The English Revolution

The revolution that took place in the 17th century was a struggle between the absolutist monarchy in the form of Charles I and the parliament he tried to marginalize. The resulting civil war led to the execution of Charles, the abolition of the monarchy and the House of Lords, and the creation of one of the first republics in the world. Although Charles II was restored in 1660, it was a monarchy on very different terms. Capitalism and the British empire are growing rapidly – ​​this is the era of the creation of the Bank of England and the East India Company – and the role of the king is now constitutional, ensuring the smooth running of these institutions. The “Glorious Revolution” of 1688 ensured no return to absolutism.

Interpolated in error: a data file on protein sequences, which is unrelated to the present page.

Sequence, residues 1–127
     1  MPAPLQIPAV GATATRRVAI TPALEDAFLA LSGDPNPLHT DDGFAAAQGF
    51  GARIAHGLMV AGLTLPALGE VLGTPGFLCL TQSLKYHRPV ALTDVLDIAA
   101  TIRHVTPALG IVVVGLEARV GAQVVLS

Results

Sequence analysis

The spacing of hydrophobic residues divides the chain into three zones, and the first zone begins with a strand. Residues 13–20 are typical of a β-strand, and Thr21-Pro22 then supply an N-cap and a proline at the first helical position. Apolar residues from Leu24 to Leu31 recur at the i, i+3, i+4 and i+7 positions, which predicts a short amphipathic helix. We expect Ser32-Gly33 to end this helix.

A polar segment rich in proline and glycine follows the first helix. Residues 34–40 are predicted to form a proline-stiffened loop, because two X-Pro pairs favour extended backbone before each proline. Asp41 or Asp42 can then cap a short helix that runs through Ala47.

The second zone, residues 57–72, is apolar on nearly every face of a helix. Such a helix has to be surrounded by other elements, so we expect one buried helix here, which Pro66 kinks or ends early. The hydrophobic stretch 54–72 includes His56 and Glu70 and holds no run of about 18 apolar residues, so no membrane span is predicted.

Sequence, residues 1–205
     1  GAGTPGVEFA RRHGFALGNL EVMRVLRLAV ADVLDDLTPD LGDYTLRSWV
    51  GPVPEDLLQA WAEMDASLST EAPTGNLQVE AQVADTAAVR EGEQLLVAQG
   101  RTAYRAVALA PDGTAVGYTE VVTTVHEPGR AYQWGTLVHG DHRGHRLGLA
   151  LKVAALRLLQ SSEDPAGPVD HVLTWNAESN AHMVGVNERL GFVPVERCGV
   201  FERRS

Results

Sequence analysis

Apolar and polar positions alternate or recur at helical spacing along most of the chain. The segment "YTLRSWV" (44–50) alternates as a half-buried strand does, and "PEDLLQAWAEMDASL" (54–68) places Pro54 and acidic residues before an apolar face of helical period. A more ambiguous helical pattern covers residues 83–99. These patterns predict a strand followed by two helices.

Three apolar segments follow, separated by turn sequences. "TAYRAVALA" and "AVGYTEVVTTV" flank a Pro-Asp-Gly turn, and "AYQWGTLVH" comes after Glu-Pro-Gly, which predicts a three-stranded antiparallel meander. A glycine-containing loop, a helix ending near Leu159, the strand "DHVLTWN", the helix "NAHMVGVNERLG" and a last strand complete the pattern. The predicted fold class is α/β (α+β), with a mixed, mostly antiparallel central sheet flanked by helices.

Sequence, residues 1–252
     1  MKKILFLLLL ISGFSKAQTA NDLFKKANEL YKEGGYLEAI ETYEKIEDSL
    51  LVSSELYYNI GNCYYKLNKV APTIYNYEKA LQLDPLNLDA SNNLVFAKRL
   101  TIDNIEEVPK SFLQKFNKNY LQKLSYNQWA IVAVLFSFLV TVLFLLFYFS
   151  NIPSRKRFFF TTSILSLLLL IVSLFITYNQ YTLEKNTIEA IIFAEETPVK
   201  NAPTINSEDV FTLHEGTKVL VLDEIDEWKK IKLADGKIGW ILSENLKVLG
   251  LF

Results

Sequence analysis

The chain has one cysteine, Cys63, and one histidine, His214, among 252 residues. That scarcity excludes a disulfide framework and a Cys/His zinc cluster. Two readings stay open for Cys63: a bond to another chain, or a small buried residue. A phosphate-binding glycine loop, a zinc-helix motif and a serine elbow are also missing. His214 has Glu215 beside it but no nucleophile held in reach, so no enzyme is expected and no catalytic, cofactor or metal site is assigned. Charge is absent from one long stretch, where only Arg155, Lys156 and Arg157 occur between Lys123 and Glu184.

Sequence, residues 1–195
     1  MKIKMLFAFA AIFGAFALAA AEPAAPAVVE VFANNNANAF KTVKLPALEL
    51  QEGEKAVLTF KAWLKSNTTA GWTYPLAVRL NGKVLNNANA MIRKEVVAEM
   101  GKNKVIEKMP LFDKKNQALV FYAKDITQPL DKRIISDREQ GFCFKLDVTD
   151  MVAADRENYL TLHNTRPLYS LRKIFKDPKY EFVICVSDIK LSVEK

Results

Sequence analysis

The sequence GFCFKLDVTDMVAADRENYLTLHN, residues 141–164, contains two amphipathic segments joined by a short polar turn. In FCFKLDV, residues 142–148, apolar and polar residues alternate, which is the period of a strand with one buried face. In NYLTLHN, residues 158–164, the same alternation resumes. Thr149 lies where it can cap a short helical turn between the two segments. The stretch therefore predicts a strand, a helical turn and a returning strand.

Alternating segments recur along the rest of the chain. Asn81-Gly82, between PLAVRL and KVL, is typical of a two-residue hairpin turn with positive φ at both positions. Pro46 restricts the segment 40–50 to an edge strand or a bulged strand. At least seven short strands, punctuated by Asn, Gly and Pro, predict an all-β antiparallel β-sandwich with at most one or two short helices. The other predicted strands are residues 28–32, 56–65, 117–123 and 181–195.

This whole process is largely hidden today. Unlike the French and American revolutions, there is no day to celebrate his achievements. To do so would be to admit the defeat of the monarchy and the possibility of a society without hereditary principles.